If you have other examples where you suspect bugs, feel free to share them earlier rather than later. We can help with the work of reducing things to simpler cases, or sorting out duplicates.

Will do, thanks.

As for reproing on desktop: it would help if you described exactly what steps you are taking. Desktop has a number of different versions and jit implementations, and input IL can also vary depending on which CSC is being used.

Thanks, a little rubber-duck debugging helped. 😄
My problem was that I had 'Prefer 32-bit' checked. The issues indeed repro with standard .NET framework for 64-bit apps.

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jakobbotsch commented Jun 1, 2018

@jakobbotsch Very good work - does it test all possible syntax variations or just a subset of C#/IL?

It is a very limited subset for now. We were working on more features, but since we already have results we switched to posting some of them.

If you have other examples where you suspect bugs, feel free to share them earlier rather than later. We can help with the work of reducing things to simpler cases, or sorting out duplicates.

Will do, thanks.

As for reproing on desktop: it would help if you described exactly what steps you are taking. Desktop has a number of different versions and jit implementations, and input IL can also vary depending on which CSC is being used.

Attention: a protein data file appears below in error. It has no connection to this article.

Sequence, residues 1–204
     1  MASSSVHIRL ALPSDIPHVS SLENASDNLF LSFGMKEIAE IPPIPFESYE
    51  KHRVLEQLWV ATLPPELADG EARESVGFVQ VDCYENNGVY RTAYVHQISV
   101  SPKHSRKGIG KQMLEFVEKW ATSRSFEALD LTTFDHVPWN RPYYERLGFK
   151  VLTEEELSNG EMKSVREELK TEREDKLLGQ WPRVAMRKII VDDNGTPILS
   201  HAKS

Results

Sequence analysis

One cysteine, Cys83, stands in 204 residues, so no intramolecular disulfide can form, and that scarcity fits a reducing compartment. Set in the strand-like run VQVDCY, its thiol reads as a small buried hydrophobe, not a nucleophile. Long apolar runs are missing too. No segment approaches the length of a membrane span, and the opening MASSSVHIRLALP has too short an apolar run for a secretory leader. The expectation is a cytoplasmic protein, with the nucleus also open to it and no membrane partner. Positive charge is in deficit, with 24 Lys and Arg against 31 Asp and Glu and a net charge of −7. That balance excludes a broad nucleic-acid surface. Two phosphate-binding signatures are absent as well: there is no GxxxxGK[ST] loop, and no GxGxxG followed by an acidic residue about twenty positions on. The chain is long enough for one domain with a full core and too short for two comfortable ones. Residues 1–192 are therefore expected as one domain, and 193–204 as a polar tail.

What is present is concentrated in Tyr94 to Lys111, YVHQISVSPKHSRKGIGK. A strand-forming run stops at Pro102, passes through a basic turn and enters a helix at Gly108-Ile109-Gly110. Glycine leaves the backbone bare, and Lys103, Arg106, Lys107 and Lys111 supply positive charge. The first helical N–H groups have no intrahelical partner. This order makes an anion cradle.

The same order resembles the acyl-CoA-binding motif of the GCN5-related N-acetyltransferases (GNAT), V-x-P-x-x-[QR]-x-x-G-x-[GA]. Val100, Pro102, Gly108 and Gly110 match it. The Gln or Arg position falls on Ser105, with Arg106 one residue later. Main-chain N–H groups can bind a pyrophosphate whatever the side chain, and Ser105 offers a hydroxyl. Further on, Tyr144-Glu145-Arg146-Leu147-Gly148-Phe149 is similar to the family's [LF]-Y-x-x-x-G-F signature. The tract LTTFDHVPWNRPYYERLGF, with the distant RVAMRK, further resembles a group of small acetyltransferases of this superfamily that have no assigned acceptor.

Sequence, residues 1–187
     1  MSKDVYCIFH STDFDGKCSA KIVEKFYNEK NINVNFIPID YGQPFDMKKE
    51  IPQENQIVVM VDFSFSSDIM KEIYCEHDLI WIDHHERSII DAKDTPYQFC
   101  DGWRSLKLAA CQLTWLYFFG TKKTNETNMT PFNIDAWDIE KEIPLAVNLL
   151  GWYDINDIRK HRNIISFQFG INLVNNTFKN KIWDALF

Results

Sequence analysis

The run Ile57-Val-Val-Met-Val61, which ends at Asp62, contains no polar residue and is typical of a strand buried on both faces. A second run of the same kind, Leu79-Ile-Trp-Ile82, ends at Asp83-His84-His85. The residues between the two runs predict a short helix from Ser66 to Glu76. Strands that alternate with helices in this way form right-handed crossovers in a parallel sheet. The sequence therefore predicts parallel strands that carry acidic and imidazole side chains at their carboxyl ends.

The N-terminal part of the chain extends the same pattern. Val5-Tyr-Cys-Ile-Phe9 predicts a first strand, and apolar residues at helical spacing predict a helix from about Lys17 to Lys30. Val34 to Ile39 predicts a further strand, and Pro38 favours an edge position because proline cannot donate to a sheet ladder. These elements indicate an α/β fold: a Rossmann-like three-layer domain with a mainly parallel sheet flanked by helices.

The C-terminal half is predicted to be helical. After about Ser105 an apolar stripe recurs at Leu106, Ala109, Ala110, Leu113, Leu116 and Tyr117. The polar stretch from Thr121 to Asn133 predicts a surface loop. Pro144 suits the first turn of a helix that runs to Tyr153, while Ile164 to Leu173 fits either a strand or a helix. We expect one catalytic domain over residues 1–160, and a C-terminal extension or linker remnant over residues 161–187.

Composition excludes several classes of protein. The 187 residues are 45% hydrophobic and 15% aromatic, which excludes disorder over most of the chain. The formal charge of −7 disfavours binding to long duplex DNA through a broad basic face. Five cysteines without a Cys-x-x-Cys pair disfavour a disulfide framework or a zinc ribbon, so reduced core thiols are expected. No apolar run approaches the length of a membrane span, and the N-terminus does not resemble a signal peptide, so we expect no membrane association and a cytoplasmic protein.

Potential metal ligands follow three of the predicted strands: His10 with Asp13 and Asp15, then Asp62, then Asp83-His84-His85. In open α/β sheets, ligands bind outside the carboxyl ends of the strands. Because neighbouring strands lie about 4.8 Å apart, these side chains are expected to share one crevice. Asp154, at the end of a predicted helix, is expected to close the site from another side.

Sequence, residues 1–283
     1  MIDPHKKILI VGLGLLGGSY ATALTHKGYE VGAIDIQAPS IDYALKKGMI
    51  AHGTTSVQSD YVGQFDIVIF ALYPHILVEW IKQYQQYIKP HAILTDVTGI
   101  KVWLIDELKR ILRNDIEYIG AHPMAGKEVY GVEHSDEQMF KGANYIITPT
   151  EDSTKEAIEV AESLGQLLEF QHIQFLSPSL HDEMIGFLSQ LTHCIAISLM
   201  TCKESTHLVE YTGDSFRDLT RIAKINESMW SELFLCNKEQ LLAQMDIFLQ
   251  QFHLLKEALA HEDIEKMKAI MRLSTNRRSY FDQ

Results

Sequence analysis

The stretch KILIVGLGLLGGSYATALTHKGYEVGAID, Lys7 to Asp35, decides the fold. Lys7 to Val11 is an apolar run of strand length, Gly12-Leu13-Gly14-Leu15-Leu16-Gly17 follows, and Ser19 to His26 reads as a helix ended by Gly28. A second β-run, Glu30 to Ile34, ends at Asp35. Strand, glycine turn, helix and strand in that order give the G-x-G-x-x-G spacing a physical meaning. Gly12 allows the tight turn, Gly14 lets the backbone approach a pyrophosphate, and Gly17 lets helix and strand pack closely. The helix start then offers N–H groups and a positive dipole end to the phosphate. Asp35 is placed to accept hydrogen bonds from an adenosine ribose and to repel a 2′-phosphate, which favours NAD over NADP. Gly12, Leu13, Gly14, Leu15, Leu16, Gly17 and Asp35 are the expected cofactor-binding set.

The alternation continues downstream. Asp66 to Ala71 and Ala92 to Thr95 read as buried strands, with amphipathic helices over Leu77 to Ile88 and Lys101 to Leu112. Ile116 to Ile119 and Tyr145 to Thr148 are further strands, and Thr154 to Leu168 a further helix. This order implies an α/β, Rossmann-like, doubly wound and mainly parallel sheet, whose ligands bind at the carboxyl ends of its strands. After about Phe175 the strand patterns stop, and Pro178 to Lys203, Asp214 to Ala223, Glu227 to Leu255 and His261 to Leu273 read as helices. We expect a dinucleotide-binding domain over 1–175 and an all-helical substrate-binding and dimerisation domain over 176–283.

Thanks, a little rubber-duck debugging helped. 😄
My problem was that I had 'Prefer 32-bit' checked. The issues indeed repro with standard .NET framework for 64-bit apps.

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int value = int.MinValue % -1; // constant-folded to 0 by Roslyn

Hmm, this appears to be a bug in the C# compiler. The C# spec says:

If the left operand is the smallest int or long value and the right operand is -1, a System.OverflowException is thrown. In no case does x % y throw an exception where x / y would not throw an exception.

The ECMA spec says something similar (though it mentions a different exception!?):

Integral operations can throw System.ArithmeticException if value1 is the smallest representable integer value and value2 is -1.

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mikedn commented Jun 1, 2018

int value = int.MinValue % -1; // constant-folded to 0 by Roslyn

Hmm, this appears to be a bug in the C# compiler. The C# spec says:

If the left operand is the smallest int or long value and the right operand is -1, a System.OverflowException is thrown. In no case does x % y throw an exception where x / y would not throw an exception.

The ECMA spec says something similar (though it mentions a different exception!?):

Integral operations can throw System.ArithmeticException if value1 is the smallest representable integer value and value2 is -1.

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Hmm, this appears to be a bug in the C# compiler. The C# spec says:

I see. I'll ask in the Roslyn repo.

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jakobbotsch commented Jun 1, 2018